Suspects seized in China’s fake mutton case

(CCTV)

Lucrative profits were the major motivation behind the production and sale of fake mutton made from fox and other animals, confessed a suspect involved in a recently busted fake meat case in east China’s Jiangsu Province.

During an exclusive interview with China Central Television (CCTV) on Sunday, the suspect, surnamed Wei from the city of Wuxi in Jiangsu, said that he resorted to illegal means after not being able to earn much profit from the sale of real mutton.

Wei said that he originally sold real mutton, but that a combination of slack business, low profits and an approach from east China’s Shandong Province offering to sell him fox meat, tempted him to start selling fake mutton.

He said that the materials used to make fake mutton came mainly from Shandong. As the province farmers raise foxes for fur, the leftover meat is sometimes illegally sold to small mutton processing businesses at low prices.

“Generally, we made less profit selling real mutton and much more profit from the fake mutton made from fox. We were all small family businesses with low incomes. We simply wanted to make more money,” said Wei.

The low cost of fox meat, along with its mutton-like flavor and simple processing procedure were also reasons for using fox meat to produce fake mutton, Wei said.

Wei expressed regret for his illegal actions, and for putting the health of consumers at risk by selling meat products without being inspected by quarantine authorities.

Wai also said that he knew he had cheated consumers and violated the country’s laws, adding “I really regret what I’ve done. What I did was wrong and I will accept the punishment”.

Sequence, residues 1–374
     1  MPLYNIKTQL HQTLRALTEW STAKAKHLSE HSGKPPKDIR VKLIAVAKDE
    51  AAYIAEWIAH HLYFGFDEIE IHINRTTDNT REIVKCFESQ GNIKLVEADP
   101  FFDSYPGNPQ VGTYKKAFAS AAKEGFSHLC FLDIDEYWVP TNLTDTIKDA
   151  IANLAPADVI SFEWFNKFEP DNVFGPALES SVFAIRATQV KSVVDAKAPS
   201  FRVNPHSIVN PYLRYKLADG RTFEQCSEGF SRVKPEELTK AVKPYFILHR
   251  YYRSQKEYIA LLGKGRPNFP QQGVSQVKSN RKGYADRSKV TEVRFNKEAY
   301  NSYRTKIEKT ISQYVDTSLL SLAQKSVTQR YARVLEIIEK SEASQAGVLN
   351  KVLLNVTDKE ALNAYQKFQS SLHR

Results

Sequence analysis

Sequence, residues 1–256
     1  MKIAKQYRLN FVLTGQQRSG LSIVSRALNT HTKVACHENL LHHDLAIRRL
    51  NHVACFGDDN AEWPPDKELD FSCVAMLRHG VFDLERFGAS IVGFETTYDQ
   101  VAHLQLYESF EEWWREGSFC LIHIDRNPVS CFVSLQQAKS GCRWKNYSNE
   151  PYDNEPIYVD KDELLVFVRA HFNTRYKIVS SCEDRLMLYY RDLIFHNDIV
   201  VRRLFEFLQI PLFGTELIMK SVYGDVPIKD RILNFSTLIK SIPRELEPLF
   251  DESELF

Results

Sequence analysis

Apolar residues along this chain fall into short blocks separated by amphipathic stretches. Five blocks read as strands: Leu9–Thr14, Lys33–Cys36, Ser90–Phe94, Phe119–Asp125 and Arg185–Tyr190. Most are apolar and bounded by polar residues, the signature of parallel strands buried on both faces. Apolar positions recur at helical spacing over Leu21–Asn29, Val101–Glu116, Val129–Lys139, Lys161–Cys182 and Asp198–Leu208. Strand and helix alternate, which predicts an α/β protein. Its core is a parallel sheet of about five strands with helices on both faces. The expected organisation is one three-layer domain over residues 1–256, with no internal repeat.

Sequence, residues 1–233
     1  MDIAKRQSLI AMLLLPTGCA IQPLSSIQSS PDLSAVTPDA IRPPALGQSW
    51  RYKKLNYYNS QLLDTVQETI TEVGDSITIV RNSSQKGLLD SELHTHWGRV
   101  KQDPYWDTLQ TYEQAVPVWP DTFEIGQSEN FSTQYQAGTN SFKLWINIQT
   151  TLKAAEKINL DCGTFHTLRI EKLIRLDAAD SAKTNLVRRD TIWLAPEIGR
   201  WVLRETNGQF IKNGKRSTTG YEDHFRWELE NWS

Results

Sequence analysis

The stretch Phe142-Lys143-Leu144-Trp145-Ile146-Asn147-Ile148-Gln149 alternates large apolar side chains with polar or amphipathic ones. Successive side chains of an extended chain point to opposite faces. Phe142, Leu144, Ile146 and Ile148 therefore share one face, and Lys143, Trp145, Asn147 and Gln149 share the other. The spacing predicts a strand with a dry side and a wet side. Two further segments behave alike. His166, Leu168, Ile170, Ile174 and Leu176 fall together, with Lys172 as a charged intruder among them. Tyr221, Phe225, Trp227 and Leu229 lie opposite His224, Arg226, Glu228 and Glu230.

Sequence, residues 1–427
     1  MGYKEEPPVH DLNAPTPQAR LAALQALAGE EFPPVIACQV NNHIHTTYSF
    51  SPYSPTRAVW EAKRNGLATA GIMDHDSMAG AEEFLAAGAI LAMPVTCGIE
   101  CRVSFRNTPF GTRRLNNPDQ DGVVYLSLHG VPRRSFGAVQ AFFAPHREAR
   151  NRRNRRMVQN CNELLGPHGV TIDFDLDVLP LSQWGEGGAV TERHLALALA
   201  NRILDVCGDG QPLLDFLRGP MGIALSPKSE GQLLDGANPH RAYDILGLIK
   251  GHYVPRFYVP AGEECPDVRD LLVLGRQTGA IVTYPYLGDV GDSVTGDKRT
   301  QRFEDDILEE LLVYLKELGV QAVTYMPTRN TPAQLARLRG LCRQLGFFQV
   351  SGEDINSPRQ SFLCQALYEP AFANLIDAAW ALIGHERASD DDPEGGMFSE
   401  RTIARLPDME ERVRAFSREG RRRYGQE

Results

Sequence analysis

“I hope that they [other fake mutton producers] stop their wrongdoings after this case and instead turn to legal means to do business,” said Wei.

However, Wei denied the charge of processing fake mutton with meat from rats.

“I assure you that I did not use rat meat to make fake mutton. The material they sent to me was all lean meat from foxes. I swear on my honor that there was no rat, none at all,” said Wei.

According to the police, they did not discover any rat meat when they busted the illegal businesses in Wuxi.

However, some of the case’s suspects said during interrogations that rat meat was included in the materials they used to produce fake mutton.

The case is still under investigation.

A total of 904 people were captured during a three-month campaign involving meat-related crimes such as producing fake beef and mutton made from rat and fox in China.

According to the Ministry of Public Security, the police uncovered 382 cases involving meat-related offenses, and have seized more than 20,000 tons of illegal products since January 25.

In Wuxi, suspects made fake mutton from fox, mink and rat by adding chemicals. The products were sold to markets and the suspects made more than 10 million yuan (about 1.6 million US dollars) from the illegal business.

(Copyright 2013 Associated Press. All Rights Reserved. This material may not be published, broadcast, rewritten, or redistributed.)

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